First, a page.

• Kassy Marsh says:

      Hi,
      Thanks for sharing this, that’s great. It’s funny that your auditor said ‘opt out’ – BRC have used this wording too. Although a risk assessment, as long as it’s robust isn’t ‘opting out’. But yes, I agree having some evidence will definitely strengthen the case – but won’t always be necessary. BRC won’t want sites to spend money which isn’t needed, I’m sure.
      Thanks, Kassy

  • Luis P says:

    Very interesting, today I read about the Listeria alert on Southern Spain, most of the experts agree that the meat was contaminated post-bake, therefore stressing how important is environmental testing.

  • Shaun says:

    One example of sites that can “opt out” is companies that manufacture flavourings. I am not a fan of the term “opt out” because I do not see it as the case, they are merely determining by robust risk assessment that it is not required.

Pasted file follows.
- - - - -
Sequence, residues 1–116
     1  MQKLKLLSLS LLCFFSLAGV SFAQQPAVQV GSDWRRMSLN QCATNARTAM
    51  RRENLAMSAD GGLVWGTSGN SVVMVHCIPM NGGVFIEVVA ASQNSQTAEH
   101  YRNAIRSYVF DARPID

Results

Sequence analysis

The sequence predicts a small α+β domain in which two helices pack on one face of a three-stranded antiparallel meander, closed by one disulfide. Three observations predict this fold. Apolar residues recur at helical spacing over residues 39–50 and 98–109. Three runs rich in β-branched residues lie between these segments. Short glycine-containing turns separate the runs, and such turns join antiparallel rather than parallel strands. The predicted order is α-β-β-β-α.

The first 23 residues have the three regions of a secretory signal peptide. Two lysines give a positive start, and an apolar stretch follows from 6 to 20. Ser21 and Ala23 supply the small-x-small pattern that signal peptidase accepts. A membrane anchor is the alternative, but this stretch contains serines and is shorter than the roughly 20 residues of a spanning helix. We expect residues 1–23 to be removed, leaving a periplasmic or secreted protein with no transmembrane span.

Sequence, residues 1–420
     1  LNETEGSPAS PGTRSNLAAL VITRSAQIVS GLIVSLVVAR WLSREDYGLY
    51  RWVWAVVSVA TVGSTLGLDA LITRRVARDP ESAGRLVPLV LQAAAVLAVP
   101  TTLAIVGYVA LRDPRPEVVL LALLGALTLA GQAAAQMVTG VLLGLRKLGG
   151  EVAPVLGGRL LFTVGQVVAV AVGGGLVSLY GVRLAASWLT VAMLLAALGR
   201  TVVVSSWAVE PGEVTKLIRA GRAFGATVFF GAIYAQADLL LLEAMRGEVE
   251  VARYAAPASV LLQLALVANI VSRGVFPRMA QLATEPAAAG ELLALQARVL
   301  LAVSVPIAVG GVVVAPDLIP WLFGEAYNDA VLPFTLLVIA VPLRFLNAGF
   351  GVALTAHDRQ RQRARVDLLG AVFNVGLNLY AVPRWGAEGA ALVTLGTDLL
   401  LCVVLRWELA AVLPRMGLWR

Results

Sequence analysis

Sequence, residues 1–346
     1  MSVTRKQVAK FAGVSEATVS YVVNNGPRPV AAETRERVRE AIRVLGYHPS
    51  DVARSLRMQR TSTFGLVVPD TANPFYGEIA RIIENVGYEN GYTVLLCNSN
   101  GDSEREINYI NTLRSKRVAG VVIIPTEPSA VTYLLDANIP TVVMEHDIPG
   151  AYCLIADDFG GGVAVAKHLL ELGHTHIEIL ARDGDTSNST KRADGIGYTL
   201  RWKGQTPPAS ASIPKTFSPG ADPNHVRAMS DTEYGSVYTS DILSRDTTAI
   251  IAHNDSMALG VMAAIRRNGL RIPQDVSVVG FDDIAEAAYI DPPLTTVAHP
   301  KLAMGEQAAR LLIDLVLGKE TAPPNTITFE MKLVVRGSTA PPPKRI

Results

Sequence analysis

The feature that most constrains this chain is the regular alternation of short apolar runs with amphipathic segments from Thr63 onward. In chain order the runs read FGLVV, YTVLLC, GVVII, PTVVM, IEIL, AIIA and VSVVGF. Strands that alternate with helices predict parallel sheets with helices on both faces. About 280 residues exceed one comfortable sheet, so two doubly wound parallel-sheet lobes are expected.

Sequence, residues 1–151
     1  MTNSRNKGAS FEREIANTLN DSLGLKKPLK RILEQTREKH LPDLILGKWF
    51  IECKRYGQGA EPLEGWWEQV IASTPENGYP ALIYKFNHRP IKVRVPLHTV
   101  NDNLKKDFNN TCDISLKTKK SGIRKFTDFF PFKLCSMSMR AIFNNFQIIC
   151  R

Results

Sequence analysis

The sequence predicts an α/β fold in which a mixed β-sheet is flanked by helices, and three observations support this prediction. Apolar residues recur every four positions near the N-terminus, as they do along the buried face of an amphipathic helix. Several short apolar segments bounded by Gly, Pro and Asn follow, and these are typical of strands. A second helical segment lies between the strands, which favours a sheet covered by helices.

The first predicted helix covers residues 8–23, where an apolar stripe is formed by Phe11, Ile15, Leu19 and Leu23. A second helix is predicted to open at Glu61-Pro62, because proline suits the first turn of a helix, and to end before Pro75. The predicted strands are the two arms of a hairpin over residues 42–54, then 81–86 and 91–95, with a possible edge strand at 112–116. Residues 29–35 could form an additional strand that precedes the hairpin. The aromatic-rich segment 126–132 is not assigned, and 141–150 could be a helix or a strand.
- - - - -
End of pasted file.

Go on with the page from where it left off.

Flavourings that have a propylene glycol content of above 50%, or Ethanol content of above 30% are microbicidal and therefore a risk assessment would generally conclude that environmental monitoring would not be required (so long as all products fit within that bracket).

    There could also be an argument that sites doing soley UHT products into aseptic sealed packs could come to the same conclusion.

    In those instances I would expect that the site had identified all pathogens that could be present in the environment (from location, staff, raw materials etc) and fully justified that the process and/or product properties was sufficient to fully remove the risk. I would say that simply having a very low risk is not good enough.